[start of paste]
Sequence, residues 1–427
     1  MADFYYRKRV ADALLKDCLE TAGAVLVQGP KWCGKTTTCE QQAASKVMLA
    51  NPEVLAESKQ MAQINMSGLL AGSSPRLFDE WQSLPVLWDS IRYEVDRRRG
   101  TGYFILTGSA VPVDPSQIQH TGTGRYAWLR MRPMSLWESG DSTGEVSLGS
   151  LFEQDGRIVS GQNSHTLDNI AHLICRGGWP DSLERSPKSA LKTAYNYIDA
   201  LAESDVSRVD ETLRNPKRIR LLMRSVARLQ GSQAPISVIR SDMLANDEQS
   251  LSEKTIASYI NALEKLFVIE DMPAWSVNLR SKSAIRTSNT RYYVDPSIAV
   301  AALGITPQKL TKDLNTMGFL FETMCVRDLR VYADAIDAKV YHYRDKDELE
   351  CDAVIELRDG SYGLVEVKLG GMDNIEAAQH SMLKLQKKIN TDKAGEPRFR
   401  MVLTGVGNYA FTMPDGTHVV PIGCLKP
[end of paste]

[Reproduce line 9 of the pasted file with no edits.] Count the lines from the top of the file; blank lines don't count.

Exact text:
   351  CDAVIELRDG SYGLVEVKLG GMDNIEAAQH SMLKLQKKIN TDKAGEPRFR